Postnova Analytics said it has become important to characterise nanomaterials to understand their behaviour in contact with humans and the environment.
Nanomaterials are present in more than 1,300 foods and commercial products, added the firm.
The European Union (EU) defined a nanomaterial in 2011 and consulted on this definition last year.
FFF the choice for matrix separation/sample fractionation
Dr Heidi Goenaga-Infante, principal scientist, leads the inorganic analysis team at LGC.
It has established expertise in size-based and number concentration analysis of nanomaterials using hyphenated techniques to support development of reference methods and materials, with field flow fractionation coupled to ICP-MS (FFF-ICP-MS) being part of the multi-modal analytical approach.
Dr Goenaga-Infante said over the past 15 years, FFF coupled to ICP-MS and other sizing detectors has proven a powerful tool for characterisation of nanomaterials.
“For complex samples FFF seemed the ideal choice for matrix separation/sample fractionation, enabling us to achieve selective detection and characterisation of nanomaterials, that otherwise would have been hampered by the matrix components,” she said.
“We selected Postnova Analytics as our vendor of choice on the basis of their fast response to queries, scientific credibility and knowledgeable technical research assistance. The Postnova AF2000 system works robustly online when coupled with ICP-MS if a systematic approach is undertaken.”
The Postnova AF2000 is a FFF platform for separation of nanoparticles, macromolecules and proteins in complex matrices such as foodstuffs. It incorporates a range of FFF modules in a single integrated system to provide universal separation.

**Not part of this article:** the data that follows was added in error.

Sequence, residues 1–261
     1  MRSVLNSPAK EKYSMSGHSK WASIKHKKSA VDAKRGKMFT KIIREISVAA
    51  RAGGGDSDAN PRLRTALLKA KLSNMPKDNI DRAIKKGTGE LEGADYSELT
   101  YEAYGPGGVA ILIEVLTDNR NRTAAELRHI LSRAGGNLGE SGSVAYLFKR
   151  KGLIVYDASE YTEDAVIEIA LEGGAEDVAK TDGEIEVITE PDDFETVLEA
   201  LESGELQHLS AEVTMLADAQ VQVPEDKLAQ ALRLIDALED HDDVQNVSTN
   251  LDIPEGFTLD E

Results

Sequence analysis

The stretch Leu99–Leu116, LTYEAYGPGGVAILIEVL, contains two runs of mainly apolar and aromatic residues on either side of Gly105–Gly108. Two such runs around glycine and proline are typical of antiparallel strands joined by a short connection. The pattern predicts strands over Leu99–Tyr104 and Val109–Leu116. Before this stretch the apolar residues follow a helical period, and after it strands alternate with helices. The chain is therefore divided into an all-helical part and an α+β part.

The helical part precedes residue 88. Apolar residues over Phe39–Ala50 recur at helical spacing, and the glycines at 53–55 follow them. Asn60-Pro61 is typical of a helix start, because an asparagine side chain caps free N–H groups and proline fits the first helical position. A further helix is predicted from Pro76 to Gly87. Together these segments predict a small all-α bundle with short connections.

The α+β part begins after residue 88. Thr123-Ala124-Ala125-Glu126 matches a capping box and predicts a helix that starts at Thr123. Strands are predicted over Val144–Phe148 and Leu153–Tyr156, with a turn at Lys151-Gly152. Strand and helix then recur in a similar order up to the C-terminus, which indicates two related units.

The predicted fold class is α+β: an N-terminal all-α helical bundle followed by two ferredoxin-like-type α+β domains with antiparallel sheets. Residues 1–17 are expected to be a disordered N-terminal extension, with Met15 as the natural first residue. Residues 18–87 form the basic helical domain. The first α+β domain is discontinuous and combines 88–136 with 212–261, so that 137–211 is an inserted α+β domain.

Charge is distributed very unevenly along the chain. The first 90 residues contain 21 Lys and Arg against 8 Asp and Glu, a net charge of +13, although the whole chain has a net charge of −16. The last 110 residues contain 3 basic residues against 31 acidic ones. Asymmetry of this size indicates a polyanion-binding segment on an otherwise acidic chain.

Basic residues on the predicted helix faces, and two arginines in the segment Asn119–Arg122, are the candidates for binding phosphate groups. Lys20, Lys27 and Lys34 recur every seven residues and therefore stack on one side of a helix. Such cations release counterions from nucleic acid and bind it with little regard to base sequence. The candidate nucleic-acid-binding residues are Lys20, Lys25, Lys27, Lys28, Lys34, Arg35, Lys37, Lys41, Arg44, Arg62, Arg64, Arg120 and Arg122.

With its patented modular FFF - Light Scattering Platform, Postnova has provide systems for markets including biopharmaceuticals, polymers, materials, nanotechnology and environmental sciences.
The company's product portfolio includes Flow FFF, Centrifugal FFF, Thermal FFF, Size Exclusion Chromatography (SEC), MALS and DLS Light Scattering
Postnova is headquartered in Landsberg am Lech, Germany and has subsidiaries in the US, UK and Finland.
Screening approach will avoid annual costs of £500k
Meanwhile, scientists at the National Measurement Laboratory (NML) at LGC have been working with the Coconut Collaborative Ltd (CCL), a coconut yoghurt brand in the UK and the Science and Technology Facilities Council (STFC).
The partnership is under the Innovate UK-funded ‘Analysis for Innovators’ (A4I) programme.
Malcolm Burns, principal scientist, molecular and cell biology at LGC, said: “LGC is pleased to have been able to work closely alongside CCL and STFC to help provide novel measurement support to ensure the continued maintenance of CCL product quality while also significantly reducing production costs.”
Tony Parker, STFC fellow, said: “This has been a great experience working with CCL and LGC, to be honest coconuts proved to be quite a tough nut to crack for us analytical chemists and I have learned a lot about the complexity of food and look forward to finding ways to continue our work.”
Supply specialists, engineers and scientists from CCL, STFC and LGC have been assessing the feasibility of using Raman spectroscopy and multispectral imaging for the past six months to detect traces of rancid coconut cream ahead of its use in production of coconut yoghurt.
Project results have demonstrated proof of principle for using multispectral imaging as the basis for an enhanced level of quality control and screening in CCL’s manufacturing plants.
The screening approach will avoid annual costs in excess of £500k through reduced production and material charges.
James Averdieck, managing director of CCL, said: “It has enabled us at a time when our core staff are stretched in supporting our strong organic growth, to work in a time efficient way with world class institutions and scientists to develop and prove a principle for solving a very unique but real rancidity measurement problem.”
Finally, Selvarani Elahi, Michael Walker and John Warren, from the UK Government Chemist team, attended a meeting on honey authentication at the European Commission’s Joint Research Centre last month.
An EU Coordinated Control Plan on honey adulteration in 2015 found 38% of the 2,264 samples in the EU were non-compliant with authenticity criteria.
The meeting identified technical areas where further work and clarity would be beneficial for authentication of honey which will be revealed soon by the JRC.